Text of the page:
“Hillel opened his eyes,” Caldwell writes, and Lucanus saw that they were full of torment as the man continues his story.
“I stepped down from my chariot and approached Him, and my servants called to the people to open a passage for me. He watched me approach and smiled at me like one recognizing a brother … and waited. My servants shouted to ‘make way for Hilell ben Hamram, who is great in Israel, for he has the rule of a town and his family is renowned and has much gold.’”
Hearing this, the women and children stepped back in fear. The rabbi gazed at the man in silence, who was close enough to Jesus that he could have reached out and touched him.
And then came the familiar question we recognize from the Gospels:
“Good master,” Hilell said, “what shall I do to inherit eternal life?”
After an exchange in which each presents his views about keeping the Commandments, Christ lowers the boom on his wealthy questioner after a period of silence, during which Ms. Caldwell’s character observes to himself how unlearned the rabbi appears and how vulgar the sound of his accent is.
At last, Jesus responds:
“You lack one thing,” the Lord tells him. “Sell all that you have, for you are rich, and give it to the poor, for then you shall have treasures in heaven.”
Yikes! You’d think the man had been asked to give up everything he owned, disclaim his privileged position and then follow behind this raggedy beggar, accompanying the very people and walking in the very dust he disdained!
“I told myself this was madness,” Hilell reflects in the novel. So, he returns to his chariot and drives off, for as Scripture says, “he became very sorrowful because he was rich.” Yet, he had just looked incalculable richness in the eye and turned away empty.
The rich young man depicted in the Bible and described with some creative license by Taylor Caldwell asked Jesus a critical life’s question but did not comprehend the revolutionary nature of the Lord’s response: to abandon whatever he valued most and follow Christ. He was blinded by his own wealth and an image of personal perfection (having kept all the Commandments “from my youth”) and so turned his back on a life that could have sparkled with meaning and purpose well beyond any further wealth he may have accumulated.
From time to time, I see an attractive reflection in a pond or puddle and wonder if this is God’s way of speaking to me. If preoccupied with some Earthly task or concern, I can totally miss Christ’s calling card and walk on by with little thought, but sometimes I am blessed to stop. And wonder. What if I had stopped and listened to what the Lord had to say to me way back when? How would my life have played out had I not been so insistent, so entrenched, with doing things my own way? How differently would my flower have unfolded? How immeasurably more rewarding (not necessarily in the checkbook sense) would my life, and even the lives of those I love, have been had I heard -- and heeded -- Christ’s message back when I wanted nothing more than nothing at all to do with God?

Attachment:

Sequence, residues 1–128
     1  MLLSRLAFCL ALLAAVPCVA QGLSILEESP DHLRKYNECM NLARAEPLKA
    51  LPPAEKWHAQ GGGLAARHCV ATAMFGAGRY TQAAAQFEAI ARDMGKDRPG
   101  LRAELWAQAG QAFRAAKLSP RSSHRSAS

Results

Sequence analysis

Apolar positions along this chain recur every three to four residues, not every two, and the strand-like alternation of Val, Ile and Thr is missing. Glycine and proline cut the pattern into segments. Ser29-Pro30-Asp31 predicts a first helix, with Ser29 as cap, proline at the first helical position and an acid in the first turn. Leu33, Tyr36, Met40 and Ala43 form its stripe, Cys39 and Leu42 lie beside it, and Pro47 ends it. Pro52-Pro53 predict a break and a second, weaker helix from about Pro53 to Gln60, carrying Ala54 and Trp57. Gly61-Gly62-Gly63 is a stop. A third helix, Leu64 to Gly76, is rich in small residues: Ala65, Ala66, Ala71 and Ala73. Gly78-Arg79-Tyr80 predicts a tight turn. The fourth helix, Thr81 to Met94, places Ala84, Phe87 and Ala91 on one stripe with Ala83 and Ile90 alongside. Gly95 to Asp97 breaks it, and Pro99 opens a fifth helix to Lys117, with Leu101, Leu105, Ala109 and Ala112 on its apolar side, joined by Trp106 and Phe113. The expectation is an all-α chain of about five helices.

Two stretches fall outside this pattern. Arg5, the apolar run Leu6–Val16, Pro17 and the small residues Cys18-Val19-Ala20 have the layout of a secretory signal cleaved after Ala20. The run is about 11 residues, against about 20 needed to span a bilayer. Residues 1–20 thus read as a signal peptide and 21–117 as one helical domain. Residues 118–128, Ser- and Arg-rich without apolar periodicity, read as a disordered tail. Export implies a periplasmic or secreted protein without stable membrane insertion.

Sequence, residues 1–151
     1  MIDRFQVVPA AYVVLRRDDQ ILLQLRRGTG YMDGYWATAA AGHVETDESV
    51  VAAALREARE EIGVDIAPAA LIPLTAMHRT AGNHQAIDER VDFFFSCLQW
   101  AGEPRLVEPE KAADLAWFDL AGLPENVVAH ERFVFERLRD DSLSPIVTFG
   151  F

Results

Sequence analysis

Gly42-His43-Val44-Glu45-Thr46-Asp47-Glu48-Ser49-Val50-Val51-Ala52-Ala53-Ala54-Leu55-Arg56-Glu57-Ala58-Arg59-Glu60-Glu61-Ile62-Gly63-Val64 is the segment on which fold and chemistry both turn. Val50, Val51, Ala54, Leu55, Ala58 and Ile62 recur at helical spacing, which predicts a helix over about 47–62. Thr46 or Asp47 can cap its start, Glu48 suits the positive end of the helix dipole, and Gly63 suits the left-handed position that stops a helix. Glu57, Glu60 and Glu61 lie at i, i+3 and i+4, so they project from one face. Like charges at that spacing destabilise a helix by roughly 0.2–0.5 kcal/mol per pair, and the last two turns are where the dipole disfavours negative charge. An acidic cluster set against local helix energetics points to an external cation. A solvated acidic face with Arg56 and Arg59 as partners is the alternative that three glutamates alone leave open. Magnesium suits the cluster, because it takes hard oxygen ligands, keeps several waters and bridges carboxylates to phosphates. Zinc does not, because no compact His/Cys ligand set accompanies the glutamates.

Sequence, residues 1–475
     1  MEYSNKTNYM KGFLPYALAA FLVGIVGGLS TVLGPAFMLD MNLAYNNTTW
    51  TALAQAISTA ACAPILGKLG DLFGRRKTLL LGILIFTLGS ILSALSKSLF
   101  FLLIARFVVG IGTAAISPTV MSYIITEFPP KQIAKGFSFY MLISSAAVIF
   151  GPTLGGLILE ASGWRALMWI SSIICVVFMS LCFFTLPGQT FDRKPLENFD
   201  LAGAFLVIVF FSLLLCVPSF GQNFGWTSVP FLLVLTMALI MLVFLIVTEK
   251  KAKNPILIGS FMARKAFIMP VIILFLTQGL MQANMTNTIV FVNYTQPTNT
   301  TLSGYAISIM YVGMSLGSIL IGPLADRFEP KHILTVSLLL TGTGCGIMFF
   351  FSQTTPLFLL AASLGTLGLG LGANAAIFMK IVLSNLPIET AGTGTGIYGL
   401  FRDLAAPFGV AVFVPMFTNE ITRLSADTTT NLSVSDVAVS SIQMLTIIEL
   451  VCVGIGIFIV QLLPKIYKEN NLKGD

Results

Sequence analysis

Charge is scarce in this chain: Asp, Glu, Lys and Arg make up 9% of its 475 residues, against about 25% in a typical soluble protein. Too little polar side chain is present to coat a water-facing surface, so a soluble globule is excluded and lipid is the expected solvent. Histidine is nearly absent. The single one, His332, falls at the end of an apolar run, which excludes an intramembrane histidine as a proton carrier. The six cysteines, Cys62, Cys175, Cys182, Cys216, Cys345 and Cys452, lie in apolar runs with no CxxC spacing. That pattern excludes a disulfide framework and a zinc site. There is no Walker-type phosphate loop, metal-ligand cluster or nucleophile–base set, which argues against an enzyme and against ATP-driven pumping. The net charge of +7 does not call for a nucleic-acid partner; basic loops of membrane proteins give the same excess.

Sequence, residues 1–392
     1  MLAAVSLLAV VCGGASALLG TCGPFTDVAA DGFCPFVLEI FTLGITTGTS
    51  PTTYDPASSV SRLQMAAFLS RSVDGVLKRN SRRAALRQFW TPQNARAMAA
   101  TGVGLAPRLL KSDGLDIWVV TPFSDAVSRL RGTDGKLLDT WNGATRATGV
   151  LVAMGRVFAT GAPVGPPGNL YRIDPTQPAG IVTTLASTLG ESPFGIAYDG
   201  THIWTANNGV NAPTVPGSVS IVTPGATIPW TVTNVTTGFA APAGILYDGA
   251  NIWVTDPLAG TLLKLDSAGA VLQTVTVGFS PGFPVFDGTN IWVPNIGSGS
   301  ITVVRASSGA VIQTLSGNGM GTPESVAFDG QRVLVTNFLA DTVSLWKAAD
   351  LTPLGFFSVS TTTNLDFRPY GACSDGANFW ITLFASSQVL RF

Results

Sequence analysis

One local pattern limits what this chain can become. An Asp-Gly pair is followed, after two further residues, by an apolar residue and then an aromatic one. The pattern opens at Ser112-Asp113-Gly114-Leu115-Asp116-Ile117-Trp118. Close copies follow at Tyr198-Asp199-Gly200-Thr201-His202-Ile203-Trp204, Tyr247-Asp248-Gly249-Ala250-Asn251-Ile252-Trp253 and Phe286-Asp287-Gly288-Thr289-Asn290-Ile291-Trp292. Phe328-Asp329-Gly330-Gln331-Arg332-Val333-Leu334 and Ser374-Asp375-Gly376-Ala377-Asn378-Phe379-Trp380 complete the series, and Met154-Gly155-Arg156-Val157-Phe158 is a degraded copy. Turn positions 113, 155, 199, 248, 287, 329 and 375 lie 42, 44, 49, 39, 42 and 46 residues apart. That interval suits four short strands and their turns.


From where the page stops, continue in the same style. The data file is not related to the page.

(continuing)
Hilell was driven close to madness by missing out on what Oswald Chambers calls “the compelling purpose of God,” which we share with Jesus: the fulfillment of His purpose on this Earth and not our own. We, too, are to do the will of the Father, and from time to time, God reminds us of this truth by presenting us with a momentary reflection of his Son here on Earth and of the realization that it’s far better to mirror the life Christ offers to us than dying moment by moment as we drift along on winds of our own making.
Fear seems to be built into us. Even in the best of times, it lurks deep in our being. Like a stranger hiding in the bushes, it could leap out at any moment and snatch our predictable lives away. Well, in a sense, that’s what’s happened. In little more than an eye blink, we find ourselves facing a rapidly spreading, fear-inducing new virus, one that's flung our everyday expectations into an existential abyss while medical experts develop schemes to retard its spread, governments struggle to explain it and change continues to engulf nations, cities, neighborhoods, homes and lives.